KARACHI - The State Bank of Pakistan (SBP) Friday cut its key policy rate by 150 basis points (1.5 percent) to 10.5 percent, to be applicable from August 13.

The bank last changed rates by an equal percentage when it made a 150 basis point cut on Oct 8, 2011, bringing the benchmark rate to 12 per cent.

Unveiling the Monetary Policy Statement (MPS) for the next two months at a press conference at SBP Learning Resource Centre here, SBP Governor Yaseen Anwar said that bank’s central board in a meeting he chaired the same day had decided to reduce the policy rate.

He said increased remittances from overseas Pakistanis and reimbursements from the US for Pakistan’s assistance in the war against militancy had helped the country’s foreign exchange reserves.

But the governor warned that national economy was still facing difficulties and the protracted energy crisis was the major reason of this “unenviable equilibrium of high inflation and low growth”. He noted that declining trend in private investment expenditures is continuing while strength of the balance of payment position remains contingent upon foreign financial inflows due to “weak fiscal fundamentals”.

Yaseen also questioned excessive borrowing by the government to overcome financial deficit. He said the pace of increase in domestic debt is also considerable and uncertain global economic conditions in the Eurozone and the US do not inspire much confidence either.

He said the recent receipt of Coalition Support Fund (CSF) will provide some cushion to the FY13 budget, but “concerted efforts to bridge the gap between revenues and expenditures through structural reforms are necessary to bring monetary stability and economic growth on a sustainable basis”.

The governor said the bank had decided to give “relatively higher weight” to private sector credit and investment, given that inflation is projected to rise slightly above the target during the current fiscal year, which runs until June 30, 2013.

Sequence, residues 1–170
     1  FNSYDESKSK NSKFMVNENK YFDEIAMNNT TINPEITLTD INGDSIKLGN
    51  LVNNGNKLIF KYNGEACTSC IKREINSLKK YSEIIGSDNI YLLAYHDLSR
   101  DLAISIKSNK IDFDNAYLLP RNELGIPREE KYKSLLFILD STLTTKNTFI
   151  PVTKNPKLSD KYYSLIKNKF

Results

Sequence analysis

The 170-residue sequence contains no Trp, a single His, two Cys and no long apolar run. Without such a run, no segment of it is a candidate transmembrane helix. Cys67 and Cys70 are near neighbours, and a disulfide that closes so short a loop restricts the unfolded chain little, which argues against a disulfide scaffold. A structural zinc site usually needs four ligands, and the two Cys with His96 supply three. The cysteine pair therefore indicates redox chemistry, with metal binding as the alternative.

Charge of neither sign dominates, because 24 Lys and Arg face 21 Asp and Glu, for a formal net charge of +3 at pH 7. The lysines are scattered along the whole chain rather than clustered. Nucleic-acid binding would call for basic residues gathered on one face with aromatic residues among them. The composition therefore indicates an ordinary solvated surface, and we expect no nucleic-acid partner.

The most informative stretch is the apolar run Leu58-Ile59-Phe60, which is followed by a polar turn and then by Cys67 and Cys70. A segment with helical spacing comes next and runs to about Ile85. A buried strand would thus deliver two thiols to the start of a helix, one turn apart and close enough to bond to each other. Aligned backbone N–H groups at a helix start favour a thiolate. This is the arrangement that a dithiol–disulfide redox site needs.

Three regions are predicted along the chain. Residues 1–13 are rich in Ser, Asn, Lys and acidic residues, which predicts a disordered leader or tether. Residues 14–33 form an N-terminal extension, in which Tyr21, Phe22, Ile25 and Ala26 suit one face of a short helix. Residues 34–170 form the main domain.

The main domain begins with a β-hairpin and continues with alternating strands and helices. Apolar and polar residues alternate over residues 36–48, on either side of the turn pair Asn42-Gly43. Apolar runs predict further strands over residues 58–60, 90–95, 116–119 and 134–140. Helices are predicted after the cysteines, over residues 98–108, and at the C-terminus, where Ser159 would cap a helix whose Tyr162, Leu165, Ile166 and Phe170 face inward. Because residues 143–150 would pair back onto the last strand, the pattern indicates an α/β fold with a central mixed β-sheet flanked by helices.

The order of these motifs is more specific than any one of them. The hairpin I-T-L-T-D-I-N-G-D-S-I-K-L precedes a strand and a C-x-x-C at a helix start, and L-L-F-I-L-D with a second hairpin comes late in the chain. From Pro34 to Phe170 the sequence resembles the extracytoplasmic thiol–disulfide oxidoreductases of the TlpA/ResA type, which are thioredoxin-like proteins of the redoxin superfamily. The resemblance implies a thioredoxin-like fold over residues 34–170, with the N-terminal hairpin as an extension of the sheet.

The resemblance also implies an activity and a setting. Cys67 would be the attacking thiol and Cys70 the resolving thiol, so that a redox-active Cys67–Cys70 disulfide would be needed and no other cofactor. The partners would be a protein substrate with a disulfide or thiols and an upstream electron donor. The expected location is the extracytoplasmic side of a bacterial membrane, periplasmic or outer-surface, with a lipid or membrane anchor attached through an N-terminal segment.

In this constrained environment, Yaseen noted, the impact of monetary policy has become limited; whether it is in terms of direct effects of interest rate changes or broad influence on expectations in the economy.

“Nevertheless, the State Bank of Pakistan will continue to play its required role in nudging the macroeconomic outcomes whenever there is relative ease in some of its core concerns. For instance, there has been some deceleration in inflation, which has improved its outlook. Similarly, the receipt of much delayed CSF has eased, on the margin, the fiscal and external sector constraints.”

The governor said the average CPI inflation for fiscal year 12, at 11 per cent, was well within the target of 12 per cent for the year and on the lower side of SBP’s earlier projections. The main reason for this moderation in inflation is a collapse in real private investment, indicating a structurally weak economy.

However, he noted that inflation continues to persist in double digits. This persistence is primarily due to entrenched expectations of inflation remaining high. It seems that key drivers for this expectation are continued fiscal borrowings from the SBP despite legal restrictions and feared depreciation of exchange rate even with a modest external current account deficit.

SBP governor emphasised that the real focus would need to be on the prospects of financial inflows so that the economy can build foreign exchange reserves to meet the rising debt obligations in the next few years.